So, can God just "stop" the evil? Yes, but not without eliminating our freedom of choice. If He did so, He would negate the sole purpose of our creation. Since we were created to be free, eliminating our freedom would itself be evil--a deprivation of a good which we possess, or should possess, by our nature. In other words, in order to eliminate evil, God would have to commit a greater evil. As the old adage goes, two wrongs don't make a right.

So then, we're back to St. Augustine. God only permits evil because He's powerful enough to turn it into a greater Good. Our free ability to sin is the exact same things as the good of our free ability to love. And if we're willing to make that choice, then all the other evil, all the other suffering, all the other things we don't particularly happen to like, can actually become vehicles for His Grace to pour out greater good.

Gregory said...

We see this analogically in nature. The very notion of "exercise" bears this out. We want to "feel the burn" because "no pain, no gain." The often uncomfortable and sometimes painful exertion of our muscles leads to greater fitness, health, and strength.

Similarly, the suffocating struggle of the butterfly to emerge from the cocoon is precisely the necessary exercise it needs to be able to fly. The most fertile ground results from forest fires. Or, as Jesus Christ Himself said, "Truly, truly, I say to you, unless a grain of wheat falls into the earth and dies, it remains alone; but if it dies, it bears much fruit" (John 12:24).

Nowhere is this better realised than in Jesus Himself. I would encourage you to spend some time meditating on the picture at the top of this Open Forum as you reflect on Epicurus' riddle and my response.

The Greatest Good entered the world, and encountered Evil head on. It was precisely through His Suffering that He conquered Evil--not to make it something we never experience, but rather to make our experience of evil something that can be grace-filled, that when we follow Him, and suffer with and through Him, that suffering will bring about greater good in our life, and in the lives of others (see Colossians 1:24).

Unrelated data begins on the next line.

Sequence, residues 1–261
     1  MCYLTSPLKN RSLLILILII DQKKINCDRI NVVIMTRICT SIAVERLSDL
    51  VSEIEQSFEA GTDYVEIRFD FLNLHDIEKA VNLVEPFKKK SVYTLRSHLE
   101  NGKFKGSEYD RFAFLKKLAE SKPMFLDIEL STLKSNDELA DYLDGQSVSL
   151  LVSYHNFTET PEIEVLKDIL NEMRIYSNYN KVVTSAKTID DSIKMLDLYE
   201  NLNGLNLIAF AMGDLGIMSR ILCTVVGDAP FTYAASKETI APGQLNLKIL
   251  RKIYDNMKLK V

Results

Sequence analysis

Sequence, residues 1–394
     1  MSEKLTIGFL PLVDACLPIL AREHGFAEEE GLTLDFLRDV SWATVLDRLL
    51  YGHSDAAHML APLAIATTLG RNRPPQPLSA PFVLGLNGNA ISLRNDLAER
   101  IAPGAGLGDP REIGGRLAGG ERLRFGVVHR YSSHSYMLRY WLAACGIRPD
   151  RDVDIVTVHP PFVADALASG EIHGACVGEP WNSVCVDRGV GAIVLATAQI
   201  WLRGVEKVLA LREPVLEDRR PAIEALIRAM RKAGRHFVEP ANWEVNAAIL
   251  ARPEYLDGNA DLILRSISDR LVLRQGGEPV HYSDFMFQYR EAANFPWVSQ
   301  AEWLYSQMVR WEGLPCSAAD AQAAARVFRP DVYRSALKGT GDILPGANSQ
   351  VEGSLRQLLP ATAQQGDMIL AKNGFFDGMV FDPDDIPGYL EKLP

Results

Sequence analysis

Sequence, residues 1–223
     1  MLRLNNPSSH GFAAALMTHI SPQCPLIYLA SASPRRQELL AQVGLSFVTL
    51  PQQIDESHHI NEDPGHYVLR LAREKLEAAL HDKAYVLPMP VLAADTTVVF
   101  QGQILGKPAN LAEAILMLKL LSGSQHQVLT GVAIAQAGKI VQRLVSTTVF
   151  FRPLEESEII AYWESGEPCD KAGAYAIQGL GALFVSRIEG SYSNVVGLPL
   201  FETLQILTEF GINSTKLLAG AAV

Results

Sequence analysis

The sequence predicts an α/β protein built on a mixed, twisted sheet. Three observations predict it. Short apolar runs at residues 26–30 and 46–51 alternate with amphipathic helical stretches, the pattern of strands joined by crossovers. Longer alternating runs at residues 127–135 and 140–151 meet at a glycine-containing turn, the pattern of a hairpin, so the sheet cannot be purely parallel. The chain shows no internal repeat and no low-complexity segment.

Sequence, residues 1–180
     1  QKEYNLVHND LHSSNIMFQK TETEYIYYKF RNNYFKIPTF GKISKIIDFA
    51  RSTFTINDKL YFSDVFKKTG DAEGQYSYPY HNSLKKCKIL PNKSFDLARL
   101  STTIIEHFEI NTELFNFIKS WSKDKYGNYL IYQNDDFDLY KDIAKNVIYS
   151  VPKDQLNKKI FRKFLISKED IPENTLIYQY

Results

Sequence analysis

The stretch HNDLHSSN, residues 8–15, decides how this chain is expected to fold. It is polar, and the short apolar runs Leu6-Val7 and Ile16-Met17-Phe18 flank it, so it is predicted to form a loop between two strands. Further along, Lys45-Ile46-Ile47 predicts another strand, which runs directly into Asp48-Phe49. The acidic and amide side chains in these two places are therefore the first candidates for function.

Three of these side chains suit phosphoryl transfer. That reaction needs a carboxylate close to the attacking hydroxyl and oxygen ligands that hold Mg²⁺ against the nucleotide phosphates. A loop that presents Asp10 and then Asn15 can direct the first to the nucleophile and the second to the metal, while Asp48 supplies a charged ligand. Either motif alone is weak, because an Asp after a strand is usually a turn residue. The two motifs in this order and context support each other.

Of course, the same choice that brought about evil is ours today. Do we choose the lesser good to avoid the suffering, or do we go through the suffering with faith, knowing that God will bring out of it something that we can't even imagine? (c.f. Ephesians 3:20-21.)

"We are well aware that God works with those who love him, those who have been called in accordance with his purpose, and turns everything to their good" (Romans 8:28, NJB).

By way of further reading, Robert Colquhoun over at Love Undefiled addresses this issue as well as provides some rational arguments in favour of God's existence in an article he wrote in the wake of the Asian Tsunami of Christmas 2004.

Anyway, I hope that helps answer your question.

God bless
Gregory

Paul said...

Hello,

Apologies for the anonymous mishap, I'll refer to myself as Paul from now on.

Thank you for your answer; I must say it gave me some good perspectives, as it was rather in-depth.

After discussing this question in a philosophy course (both the pros and cons), it is very nice indeed to have someone with a knowledge of the Faith talk about it, rather than someone who pretends to know about the Faith talk about it :)



Thanks again, and God Bless,

-Paul

Gregory said...

Hey Paul,
Glad to make your acquaintance, and I'm even more glad to have been of some help to you.

Perhaps you'd return the favour? I slightly reworked my response to you above into an article of its own over at my other blog, Doubting Thomist, and have received a bit of a challenge from one of my readers, Kane Augustus. If you're so inclined, feel free to pop on over and contribute to the conversation :)

God bless
Gregory